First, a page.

Policy and Political Action

Policy & Political Action

HPV Vaccination Program

Dear Minister Matthews,

This letter is to urge the government of Ontario to expand the current publicly funded Human Papillomavirus (HPV) Vaccination Program targeted to females to a universal model that would be gender inclusive for all, including males.

In 2007 the HPV vaccine was approved for use in females by the National Advisory Committee on Immunization (NACI) to prevent cervical cancer and genital warts, and in the same year the provincial government funded it for females. Since 2012, NACI has recommended the HPV vaccine for males given the evidence that it is also effective for males to prevent genital warts, penis, anal, mouth and throat cancers. Specifically, the Public Health Agency of Canada estimates that expanding the funding for vaccination for the male population represents protection for males for 25% of oral cancers, 35% of throat cancers 40-50% of penile cancers, and 80-90% of anal cancers.

We believe that the vaccine should be funded universally so that people who are male, female, transgender, or intersexed will have equitable access to health care. In our present program, females receive all three shots without charge whereas males are forced to pay out of pocket. It is only fair to remove the cost barrier when increased uptake of the HPV vaccine will improve both individual and community health outcomes. Another equity consideration is that implementing universal funding will help to reduce the stigma that females experience as a result of a female-only vaccine that provides protection for a sexually transmitted infection.

Universal funding is a public good that will reduce transmission. Current vaccine uptake is not high enough to produce herd immunity and control HPV transmission. Even though HPV uptake rates have been increasing among eligible females in Ontario, the coverage estimates for 2009-2010 were only 59.4% and in 2011-2012, 70.2%. This is well below the Canadian Immunization Committee recommendations of 80% within the first two years of program implementation and the 90% recommended within 5 years and these figures represent only the female portion of the population. The $400 to $500 charge for all three shots for a male seeking HPV immunization from their health care provider is prohibitive for many families. With only a very small portion of the total population being vaccinated, we can usefully learn from what has occurred before in history. When the rubella vaccination first became available, some countries offered it to females only. The vaccine uptake rates were not high enough to ensure female immunity to rubella, or herd immunity among the population. The result was that outbreaks of congenital rubella syndrome occurred, that is, infant congenital malformations from exposure to rubella during pregnancy. When the female uptake rates were not high enough and males were not vaccinated, spread occurred among the population.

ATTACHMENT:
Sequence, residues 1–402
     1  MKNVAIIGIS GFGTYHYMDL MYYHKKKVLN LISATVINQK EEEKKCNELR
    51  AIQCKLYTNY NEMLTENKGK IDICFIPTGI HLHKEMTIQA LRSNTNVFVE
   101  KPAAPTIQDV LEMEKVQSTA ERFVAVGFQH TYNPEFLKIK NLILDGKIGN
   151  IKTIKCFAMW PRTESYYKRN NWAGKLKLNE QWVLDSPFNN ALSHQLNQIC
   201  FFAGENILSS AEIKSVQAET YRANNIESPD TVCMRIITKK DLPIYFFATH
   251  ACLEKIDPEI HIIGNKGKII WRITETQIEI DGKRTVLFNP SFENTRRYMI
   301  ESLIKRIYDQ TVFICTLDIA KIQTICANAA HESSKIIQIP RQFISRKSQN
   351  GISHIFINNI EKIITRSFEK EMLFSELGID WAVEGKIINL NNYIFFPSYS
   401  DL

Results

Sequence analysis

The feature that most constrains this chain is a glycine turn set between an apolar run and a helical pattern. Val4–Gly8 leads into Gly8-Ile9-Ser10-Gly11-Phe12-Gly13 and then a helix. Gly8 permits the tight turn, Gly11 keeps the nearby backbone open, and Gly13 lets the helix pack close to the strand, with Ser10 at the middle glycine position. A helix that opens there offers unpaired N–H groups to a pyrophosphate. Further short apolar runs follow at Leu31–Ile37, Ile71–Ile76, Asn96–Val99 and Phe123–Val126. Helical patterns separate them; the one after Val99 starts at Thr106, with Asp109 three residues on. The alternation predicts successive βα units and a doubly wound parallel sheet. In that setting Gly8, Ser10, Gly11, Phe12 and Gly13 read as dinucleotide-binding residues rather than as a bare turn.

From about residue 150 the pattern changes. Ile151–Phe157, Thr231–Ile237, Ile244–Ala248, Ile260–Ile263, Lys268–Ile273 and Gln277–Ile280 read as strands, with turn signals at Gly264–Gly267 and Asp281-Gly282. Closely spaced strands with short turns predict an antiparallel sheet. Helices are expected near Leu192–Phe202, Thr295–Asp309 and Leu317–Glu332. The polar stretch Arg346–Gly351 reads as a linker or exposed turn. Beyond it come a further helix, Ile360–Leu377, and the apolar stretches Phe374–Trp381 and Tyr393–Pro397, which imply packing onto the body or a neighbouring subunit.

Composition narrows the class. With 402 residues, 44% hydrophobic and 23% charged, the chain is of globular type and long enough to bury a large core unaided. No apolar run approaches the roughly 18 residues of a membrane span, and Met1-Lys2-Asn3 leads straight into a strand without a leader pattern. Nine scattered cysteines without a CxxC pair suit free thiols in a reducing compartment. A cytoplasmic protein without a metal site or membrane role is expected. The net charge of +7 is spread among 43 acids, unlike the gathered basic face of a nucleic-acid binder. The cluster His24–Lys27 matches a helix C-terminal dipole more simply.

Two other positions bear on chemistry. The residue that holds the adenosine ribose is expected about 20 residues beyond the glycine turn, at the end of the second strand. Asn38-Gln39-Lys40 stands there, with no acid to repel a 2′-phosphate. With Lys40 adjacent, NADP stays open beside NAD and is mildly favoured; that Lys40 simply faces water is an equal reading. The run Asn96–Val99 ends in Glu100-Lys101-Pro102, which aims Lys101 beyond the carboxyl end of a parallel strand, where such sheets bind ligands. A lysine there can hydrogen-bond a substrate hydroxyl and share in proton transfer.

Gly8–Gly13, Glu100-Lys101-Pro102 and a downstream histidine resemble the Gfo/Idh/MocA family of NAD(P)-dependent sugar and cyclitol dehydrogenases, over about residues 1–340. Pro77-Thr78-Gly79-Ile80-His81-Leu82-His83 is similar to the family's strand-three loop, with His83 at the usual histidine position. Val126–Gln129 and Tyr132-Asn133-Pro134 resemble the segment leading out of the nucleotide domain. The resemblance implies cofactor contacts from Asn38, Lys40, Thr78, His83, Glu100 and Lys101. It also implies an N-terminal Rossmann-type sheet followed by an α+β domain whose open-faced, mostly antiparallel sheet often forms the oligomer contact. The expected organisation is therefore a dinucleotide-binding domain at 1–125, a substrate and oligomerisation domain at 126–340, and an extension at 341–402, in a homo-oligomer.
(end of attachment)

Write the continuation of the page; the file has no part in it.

In February 2013, the National HPV Vaccination Program in Australia became the first country to provide publicly funded HPV vaccine to males aged 12-13 years as part of a school-based vaccination program, which has been available to 12 to 13 years old females since 2007. As of August 2013, HPV immunization has been provided at no cost to Grade 6 girls and boys in Prince Edward Island. The government of Alberta will be starting universal HPV immunization for boys and girls in Grade 5 starting in September 2014.

The support for universal public funding of the HPV vaccine has been growing and includes: the Public Health Agency of Canada; the Association of Local Public Health Agencies; individual public health units in Ontario; AIDS Committee of Toronto; Immunize Canada; the Society of Obstetricians and Gynecologists of Canada and members of the public.

RNAO urges the province to implement the following recommendations that are built on those proposed by the Toronto Board of Health and Toronto Public Health:

  • The current school-based publicly funded HPV vaccination program should be universally administered in grade 7 rather than grade 8. This would improve the logistics of delivering the vaccine to the students and improve the efficiency of the program as any catch-up doses of missed vaccines can be delivered in the school while the nurses are at the school instead of setting up additional clinics.
  • Current public funding for the HPV vaccination program should be expanded to include males, starting in grade 7.
  • Expand the current HPV catch-up program to age 26 years across the gender spectrum and ensure that it is publicly funded.
  • Publicly fund the HPV vaccine for men who have sex with men, especially those with HIV.
  • Develop a comprehensive educational campaign to ensure improved rates of HPV uptake for all eligible Ontarians.
  • Continue to work with Public Health Ontario to monitor adverse events following immunization for the HPV vaccine and report the results publicly to ensure the safety of the vaccine.

Minister Matthews, RNAO urges the Ministry of Health and Long-Term Care to expand the funding of the HPV vaccine to a universal model. The public health evidence has reached a critical mass. Expanding the program now will prevent the transmission of genital warts and reduce morbidity and mortality due to cancer as well as the associated costs to the health care system. Most importantly, it is the right thing to do from an equity perspective.

Thank you for considering these recommendations on behalf of our members. We look forward to your response.

Warm regards,

Doris Grinspun, RN, MSN, PhD, LLD(hon), O.ONT.
Chief Executive Officer
Registered Nurses' Association of Ontario

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